You don’t hear a lot about hell in church—for obvious reasons. Long gone are the days when crowds would flock to sit under scathing sermons about fire and brimstone. Today’s genteel society doesn’t want to hear about the shocking horrors of hell, and the wrath God that will pour out on unrepentant sinners. And that’s tragic for a couple of reasons.
First, it’s tragic because it speaks to a lack of compassion on the part of pastors. As John MacArthur says in his sermon, “A Testimony of One Surprised to Be in Hell, Part 3,”
It is a compassionate preacher who preaches on hell. It is a loving preacher, a sympathetic preacher who warns people of the horrors of eternal punishment. All of that is true because it was a sympathetic God who revealed hell, and a sympathetic Christ who was the primary preacher of hell.
The compassionate preacher knows that hell is a real place, and that countless souls will end up there, enduring eternal torment for their sins. And he can’t stand the thought of anyone facing an eternity of God’s wrath. All Christians ought to have that attitude—we ought to love unrepentant sinners enough to warn them of the horrors that await if they refuse to repent and believe.
There’s another reason it’s tragic that we don’t hear more about hell, and it flows out of the first one. Not only should we have compassion on the lost, but we must recognize that plenty of people who will spend eternity in hell had no idea they were headed there. They will be surprised to find themselves in hell.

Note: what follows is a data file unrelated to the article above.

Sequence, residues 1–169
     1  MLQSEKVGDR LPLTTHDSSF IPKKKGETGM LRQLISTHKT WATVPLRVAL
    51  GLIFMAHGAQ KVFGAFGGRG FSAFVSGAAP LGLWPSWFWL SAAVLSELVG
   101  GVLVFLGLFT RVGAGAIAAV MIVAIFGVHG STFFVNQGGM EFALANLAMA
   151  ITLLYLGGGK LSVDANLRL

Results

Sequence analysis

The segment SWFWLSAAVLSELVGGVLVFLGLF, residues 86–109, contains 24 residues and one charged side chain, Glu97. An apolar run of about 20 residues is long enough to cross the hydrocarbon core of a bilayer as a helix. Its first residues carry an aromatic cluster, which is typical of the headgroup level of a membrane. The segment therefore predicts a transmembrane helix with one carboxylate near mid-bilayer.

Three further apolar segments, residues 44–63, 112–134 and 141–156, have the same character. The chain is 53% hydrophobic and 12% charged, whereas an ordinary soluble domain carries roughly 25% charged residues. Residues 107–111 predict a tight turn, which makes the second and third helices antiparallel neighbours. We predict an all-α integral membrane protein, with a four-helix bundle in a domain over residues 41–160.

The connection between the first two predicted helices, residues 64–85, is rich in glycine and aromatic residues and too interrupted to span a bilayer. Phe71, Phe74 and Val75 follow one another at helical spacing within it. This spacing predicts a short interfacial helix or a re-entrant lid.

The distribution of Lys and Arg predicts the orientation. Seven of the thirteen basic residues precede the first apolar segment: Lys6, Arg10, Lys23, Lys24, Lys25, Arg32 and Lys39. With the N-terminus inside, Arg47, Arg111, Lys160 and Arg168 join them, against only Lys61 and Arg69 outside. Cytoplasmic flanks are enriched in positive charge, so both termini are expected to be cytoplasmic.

While the world is full of unrepentant sinners, not many truly expect to go to hell. And aside from those cavalier few, much of the world is convinced they will be good enough to avoid God’s judgment, or that there won’t be any judgment to face beyond the grave. Even the church is home to plenty of self-deceived souls who will be shocked to face God’s wrath in hell.
That was the point of the story of the rich man and Lazarus—the parable Christ told in Luke 16:19-31. He served as an indictment of Israel’s religious elite, and as a warning to anyone who would look to their own self-righteousness for assurance.
In his weekly preaching ministry at Grace Community Church, John MacArthur took five weeks to work through this powerful, chilling passage of Scripture. The whole series is worth your time, but the message we’re highlighting today is particularly gripping. Focused on the central verses in the passage, this message vividly depicts what it would be like to awaken to the horrors of hell.
The memorable, illuminating nature of those vivid descriptions is why “A Testimony of One Surprised to Be in Hell, Part 3” was recommended by a member of the Grace to You staff.
The Bible’s descriptions of hell—a place of weeping and gnashing of teeth, where the worm does not die—were always obtuse to my mind. In this sermon, John clearly and powerfully explains those somewhat cryptic descriptions. For example, he says “The worm that never dies is the relentless, accusing conscience of the sinner, keeping up an unending and unmitigated and undiminished torment as it hammers the truth of the sinner’s guilt and wretchedness without ceasing.” That sobering description makes me cherish my salvation, hate the residing sin in my life, and urges me to be more committed to proclaim gospel truth to those without Christ, lest they find themselves in that horrible eternity. – Scott L.
To listen to “A Testimony of One Surprised to Be in Hell, Part 3,” click here.
Available online at: https://www.gty.org/library/blog/B170331
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